The government’s drive to digitise tax doesn’t have the profile it needs, says a new report.
You may have heard of Making Tax Digital (MTD). It’s the initiative that, as HMRC puts it, “will help bring the tax system into the 21st century by providing businesses with a modern, streamlined system to keep their tax records and provide information to HMRC.”
Then again, you may not have heard of it at all, because a report by the Association of Taxation Technicians suggests that the majority of small businesses and landlords remain unprepared for its introduction. Of those surveyed, 60% hadn’t even heard of it.
For payroll processing departments, MTD is already a reality, with Personal Tax Accounts leading to a number of PAYE changes over the past year. Now MTD is being extended. From April 2019, businesses above the VAT threshold will need to keep records digitally and submit quarterly VAT updates to HMRC. The original intention was to roll out MTD for income tax at the same time, but things have changed:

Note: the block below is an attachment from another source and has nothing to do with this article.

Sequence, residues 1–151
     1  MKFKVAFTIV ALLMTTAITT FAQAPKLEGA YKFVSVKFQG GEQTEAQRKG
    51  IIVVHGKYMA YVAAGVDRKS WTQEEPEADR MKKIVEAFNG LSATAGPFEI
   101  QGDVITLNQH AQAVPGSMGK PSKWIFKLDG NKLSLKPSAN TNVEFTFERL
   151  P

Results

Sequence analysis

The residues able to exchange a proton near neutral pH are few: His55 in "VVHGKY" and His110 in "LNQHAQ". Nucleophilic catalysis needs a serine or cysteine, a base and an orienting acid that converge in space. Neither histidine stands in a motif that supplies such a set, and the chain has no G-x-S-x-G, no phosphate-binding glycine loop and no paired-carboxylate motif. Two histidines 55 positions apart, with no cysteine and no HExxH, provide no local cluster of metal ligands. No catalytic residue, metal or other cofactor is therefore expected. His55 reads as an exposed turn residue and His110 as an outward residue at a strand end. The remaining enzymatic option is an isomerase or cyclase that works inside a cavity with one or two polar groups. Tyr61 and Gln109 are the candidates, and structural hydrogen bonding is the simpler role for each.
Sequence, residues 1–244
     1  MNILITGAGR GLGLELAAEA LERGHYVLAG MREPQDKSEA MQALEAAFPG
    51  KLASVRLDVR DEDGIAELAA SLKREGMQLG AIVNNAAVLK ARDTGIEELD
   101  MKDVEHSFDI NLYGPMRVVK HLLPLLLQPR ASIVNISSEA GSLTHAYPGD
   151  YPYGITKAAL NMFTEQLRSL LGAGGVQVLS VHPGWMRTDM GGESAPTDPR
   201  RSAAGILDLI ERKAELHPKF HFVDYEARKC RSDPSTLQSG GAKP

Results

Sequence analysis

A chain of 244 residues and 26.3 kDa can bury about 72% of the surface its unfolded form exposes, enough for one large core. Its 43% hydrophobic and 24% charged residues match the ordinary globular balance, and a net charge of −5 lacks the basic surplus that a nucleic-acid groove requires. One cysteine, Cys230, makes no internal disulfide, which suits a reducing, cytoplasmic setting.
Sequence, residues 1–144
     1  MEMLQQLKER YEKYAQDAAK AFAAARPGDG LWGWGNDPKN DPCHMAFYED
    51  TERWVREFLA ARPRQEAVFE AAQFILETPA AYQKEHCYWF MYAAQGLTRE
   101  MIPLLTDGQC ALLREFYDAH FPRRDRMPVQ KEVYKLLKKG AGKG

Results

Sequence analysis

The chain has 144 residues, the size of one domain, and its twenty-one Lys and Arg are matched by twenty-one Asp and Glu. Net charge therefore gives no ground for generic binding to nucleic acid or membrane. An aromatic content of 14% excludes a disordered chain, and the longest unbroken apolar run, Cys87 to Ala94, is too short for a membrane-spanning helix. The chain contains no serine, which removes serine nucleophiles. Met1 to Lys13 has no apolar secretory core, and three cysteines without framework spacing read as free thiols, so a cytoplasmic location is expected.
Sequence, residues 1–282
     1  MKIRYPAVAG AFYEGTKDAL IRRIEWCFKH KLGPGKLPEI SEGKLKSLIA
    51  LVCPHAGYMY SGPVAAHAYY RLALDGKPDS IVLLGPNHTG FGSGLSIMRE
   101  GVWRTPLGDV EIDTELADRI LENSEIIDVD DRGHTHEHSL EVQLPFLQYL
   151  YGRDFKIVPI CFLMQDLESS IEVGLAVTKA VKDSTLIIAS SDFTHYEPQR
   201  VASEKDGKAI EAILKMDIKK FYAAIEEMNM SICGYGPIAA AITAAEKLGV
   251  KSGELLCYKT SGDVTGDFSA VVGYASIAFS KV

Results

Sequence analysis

“The government has listened to concerns raised by parliamentarians, in particular the Treasury Select Committee, businesses and professional bodies about the pace of change and is taking steps to ensure a smooth transition to a digital tax system.”
Effectively, payroll companies, accountants and businesses had all reached the same conclusion that, with the level of awareness at such a low level, implementing MTD would place too great a burden on everyone in scrambling to meet the 2019 deadline.
As a result of this, and with the exception of VAT, “businesses will not be asked to keep digital records, or to update HMRC quarterly, for other taxes until at least 2020.”
Banging the drum
For accountants and payroll departments, this is no doubt good news. For most business owners, however, this news, like MTD itself, has yet to make any real impact.
There’s a lot of work for payrolls, accountants and businesses to do between now and the go live date for MTD (whether 2019 or later). Yet the absence of publicity has been matched by an occasional vagueness of detail. We’re still waiting, for example, for the announcement of the turnover threshold for MTD for income tax. Without this, the chances of engaging businesses owners are slim. Once you know the threshold, every business knows whether they’re included or not, and can start taking the necessary steps.
But as long as HMRC maintains its softly, softly approach, there’s a danger MTD will be upon us before many businesses have realised it exists.
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